Swain tore an ACL in the Cleveland game on Oct. 25. In six games, he hadn't caught a pass but made four tackles on special teams — including a key stop of the Bears' Garrett Wolfe to thwart a fake punt in the opener.
Since surgery, Swain has been rehabbing, getting stronger and building up his conditioning so he'll be ready to roll when training camp begins on July 31.
"I feel pretty good," he told Packer Report last week. "They have a very strict schedule that they work with us on our rehab and our conditioning and getting us ready for when we're supposed to return. If you keep hitting those targets, most likely when you come back, you're going to be fine."
History, however, isn't on Swain's side. When doing a story on Nick Barnett's recovery from a torn ACL for the Cover Story of the February 2010 magazine — as well as a companion piece on the season-ending ACL injuries sustained by Aaron Kampman and Al Harris — I talked to noted ACL authority Dr. James Carey, an assistant professor in the Department of Orthopaedics at the University of Vanderbilt.
Over a five-year period in which he studied wide receivers and running backs who suffered a torn ACL, Carey noted that 21 percent of those players never made it back to the NFL. The vast majority of those players are the fringe players who had to scratch and claw for a roster spot, since the downturn in ability was just enough to cost them their job to a younger, healthier player.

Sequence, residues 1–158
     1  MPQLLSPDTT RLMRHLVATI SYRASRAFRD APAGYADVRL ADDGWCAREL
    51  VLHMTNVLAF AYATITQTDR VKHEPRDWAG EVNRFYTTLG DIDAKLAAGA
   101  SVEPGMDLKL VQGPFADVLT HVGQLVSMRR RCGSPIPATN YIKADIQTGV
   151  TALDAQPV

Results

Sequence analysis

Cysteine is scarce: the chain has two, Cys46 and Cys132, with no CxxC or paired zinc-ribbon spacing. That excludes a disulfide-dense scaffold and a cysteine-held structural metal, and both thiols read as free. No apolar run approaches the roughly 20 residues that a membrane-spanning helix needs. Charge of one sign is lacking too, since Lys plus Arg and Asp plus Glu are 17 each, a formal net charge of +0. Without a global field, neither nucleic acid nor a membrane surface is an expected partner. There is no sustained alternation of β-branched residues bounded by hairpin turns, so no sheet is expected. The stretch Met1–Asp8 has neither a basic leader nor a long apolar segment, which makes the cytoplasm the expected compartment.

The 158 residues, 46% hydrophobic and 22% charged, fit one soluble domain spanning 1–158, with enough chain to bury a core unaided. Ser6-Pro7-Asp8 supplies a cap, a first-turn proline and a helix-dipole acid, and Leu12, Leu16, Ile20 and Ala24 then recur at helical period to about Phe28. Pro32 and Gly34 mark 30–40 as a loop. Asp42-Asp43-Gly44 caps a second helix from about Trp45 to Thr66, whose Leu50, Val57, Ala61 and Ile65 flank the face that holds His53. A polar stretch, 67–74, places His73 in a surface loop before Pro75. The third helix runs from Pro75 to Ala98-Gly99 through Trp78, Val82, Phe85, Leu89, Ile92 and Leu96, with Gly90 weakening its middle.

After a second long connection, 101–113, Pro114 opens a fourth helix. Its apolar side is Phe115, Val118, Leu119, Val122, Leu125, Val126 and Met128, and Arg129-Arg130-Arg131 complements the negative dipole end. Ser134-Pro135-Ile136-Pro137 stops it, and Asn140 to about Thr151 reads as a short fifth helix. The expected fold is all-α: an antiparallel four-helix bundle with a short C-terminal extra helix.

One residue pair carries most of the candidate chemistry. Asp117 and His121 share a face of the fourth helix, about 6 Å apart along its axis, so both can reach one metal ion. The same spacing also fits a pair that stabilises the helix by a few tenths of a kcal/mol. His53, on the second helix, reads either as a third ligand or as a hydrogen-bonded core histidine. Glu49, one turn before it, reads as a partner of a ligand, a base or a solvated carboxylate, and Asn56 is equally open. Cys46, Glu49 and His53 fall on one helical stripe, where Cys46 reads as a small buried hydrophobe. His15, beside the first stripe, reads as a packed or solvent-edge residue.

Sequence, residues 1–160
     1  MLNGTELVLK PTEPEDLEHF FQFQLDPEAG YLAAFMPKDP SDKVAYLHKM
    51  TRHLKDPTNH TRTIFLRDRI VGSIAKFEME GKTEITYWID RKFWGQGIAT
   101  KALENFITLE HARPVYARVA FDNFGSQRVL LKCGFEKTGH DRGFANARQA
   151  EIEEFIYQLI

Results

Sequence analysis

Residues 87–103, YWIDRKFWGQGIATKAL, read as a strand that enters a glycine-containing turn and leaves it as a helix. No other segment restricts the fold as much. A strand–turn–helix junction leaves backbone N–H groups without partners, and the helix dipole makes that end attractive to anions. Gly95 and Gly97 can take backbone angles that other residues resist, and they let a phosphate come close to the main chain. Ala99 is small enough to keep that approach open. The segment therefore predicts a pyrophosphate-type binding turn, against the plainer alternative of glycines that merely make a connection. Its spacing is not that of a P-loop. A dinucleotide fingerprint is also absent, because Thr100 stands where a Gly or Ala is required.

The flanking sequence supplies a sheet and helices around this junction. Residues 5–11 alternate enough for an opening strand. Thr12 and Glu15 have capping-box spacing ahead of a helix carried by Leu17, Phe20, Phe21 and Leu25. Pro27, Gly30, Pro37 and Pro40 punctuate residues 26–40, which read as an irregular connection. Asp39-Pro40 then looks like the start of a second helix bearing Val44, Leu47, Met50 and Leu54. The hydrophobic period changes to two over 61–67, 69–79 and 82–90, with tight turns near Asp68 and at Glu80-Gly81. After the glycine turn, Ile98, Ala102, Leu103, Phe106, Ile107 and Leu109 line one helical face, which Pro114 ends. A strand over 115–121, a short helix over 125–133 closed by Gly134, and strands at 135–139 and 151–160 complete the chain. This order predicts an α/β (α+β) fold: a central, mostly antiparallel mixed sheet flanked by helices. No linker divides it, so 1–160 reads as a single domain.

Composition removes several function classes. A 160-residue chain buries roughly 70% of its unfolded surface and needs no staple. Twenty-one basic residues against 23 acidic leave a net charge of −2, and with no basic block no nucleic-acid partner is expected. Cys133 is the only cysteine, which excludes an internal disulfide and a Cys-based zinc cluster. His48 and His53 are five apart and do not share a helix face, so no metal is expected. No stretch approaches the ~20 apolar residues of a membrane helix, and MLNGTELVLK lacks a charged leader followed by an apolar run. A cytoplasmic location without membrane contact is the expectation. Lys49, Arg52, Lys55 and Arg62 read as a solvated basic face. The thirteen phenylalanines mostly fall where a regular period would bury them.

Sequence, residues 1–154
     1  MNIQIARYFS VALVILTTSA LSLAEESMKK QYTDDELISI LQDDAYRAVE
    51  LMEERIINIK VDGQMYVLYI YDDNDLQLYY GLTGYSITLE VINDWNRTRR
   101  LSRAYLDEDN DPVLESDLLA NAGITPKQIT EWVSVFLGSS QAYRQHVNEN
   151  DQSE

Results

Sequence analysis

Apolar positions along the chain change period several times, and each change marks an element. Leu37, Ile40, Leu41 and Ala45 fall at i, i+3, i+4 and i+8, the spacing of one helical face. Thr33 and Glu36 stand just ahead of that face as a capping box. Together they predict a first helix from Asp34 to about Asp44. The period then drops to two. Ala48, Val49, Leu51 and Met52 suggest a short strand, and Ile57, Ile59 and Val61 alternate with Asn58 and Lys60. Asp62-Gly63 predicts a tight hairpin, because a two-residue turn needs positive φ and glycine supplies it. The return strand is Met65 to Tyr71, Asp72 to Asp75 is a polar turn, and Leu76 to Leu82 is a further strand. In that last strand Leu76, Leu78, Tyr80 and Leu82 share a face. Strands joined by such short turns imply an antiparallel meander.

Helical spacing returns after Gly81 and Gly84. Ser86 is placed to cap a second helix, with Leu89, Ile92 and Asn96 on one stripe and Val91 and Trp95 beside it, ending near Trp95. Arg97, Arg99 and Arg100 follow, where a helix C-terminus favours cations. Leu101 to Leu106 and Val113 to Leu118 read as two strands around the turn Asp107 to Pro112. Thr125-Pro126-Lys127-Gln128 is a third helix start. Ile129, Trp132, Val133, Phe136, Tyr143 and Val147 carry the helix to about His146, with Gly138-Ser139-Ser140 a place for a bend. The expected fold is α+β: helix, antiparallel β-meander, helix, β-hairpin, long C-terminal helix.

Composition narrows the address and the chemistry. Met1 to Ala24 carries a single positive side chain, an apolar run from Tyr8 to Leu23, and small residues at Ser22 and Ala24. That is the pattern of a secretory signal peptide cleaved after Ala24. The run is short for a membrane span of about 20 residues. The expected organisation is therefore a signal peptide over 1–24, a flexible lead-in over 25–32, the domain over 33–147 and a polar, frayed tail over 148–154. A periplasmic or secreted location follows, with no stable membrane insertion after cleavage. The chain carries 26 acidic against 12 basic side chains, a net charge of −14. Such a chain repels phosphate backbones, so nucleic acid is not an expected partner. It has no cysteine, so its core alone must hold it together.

Swain was a seventh-round pick in 2008 who spent his rookie season on the practice squad. In 2009, he beat out Ruvell Martin to earn a roster spot.
"Of the ones that got back, their performance on average was reduced by about one-third," Carey said. "When compared to the control athletes, like all the non-ACL injured running backs and wide receivers, that was statistically significant, so it wasn't just the general decline that you'd see as people age."
The offseason leader in the race to be the fifth receiver is Patrick Williams, who as an undrafted rookie spent part of last season out of the league, a month-and-a-half on the practice squad and the last month as a gameday inactive on the 53-man roster. He's a physical receiver but it remains to be seen whether he can fill Swain's niche on special teams. The rookies — Jeff Moturi, Chastin West and Shawn Gore — as well as former Arena Leaguer Charles Dillon all have flashed but none have consistently jumped out.
"Definitely, I'm going to be behind on the reps after missing OTAs, missing minicamp," Swain said. "I'm definitely going to be behind on the reps. But that's where you've got to take that as another challenge and put it forth in the classroom. You've got to be putting in mental reps in the classroom, you've got to be watching practice, you've got to be preparing yourself to put yourself in those shoes when it's your turn to make plays. It's important to stay on top of all aspects of the playbook."
Asked if there was anything positive that came out of last year's injury, Swain thought for a moment before tackling the question with the vigor that he's tackled his rehab.
"When you think of it as an injury, you think of it as being a ‘football injury.' It comes with the territory," he said. "Injuries come along with being a football player. You've got to be ready to stick and move when injuries occur. If you let it eat you up, odds are you're not going to come back as good as you were before. You've got to be ready to overcome anything."
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Bill Huber is publisher of Packer Report magazine and PackerReport.com and has written for Packer Report since 1997. E-mail him at firstname.lastname@example.org, or leave him a question in Packer Report's subscribers-only Packers Pro Club forum. Find Bill on Twitter at twitter.com/packerreport and Facebook under Bill Huber.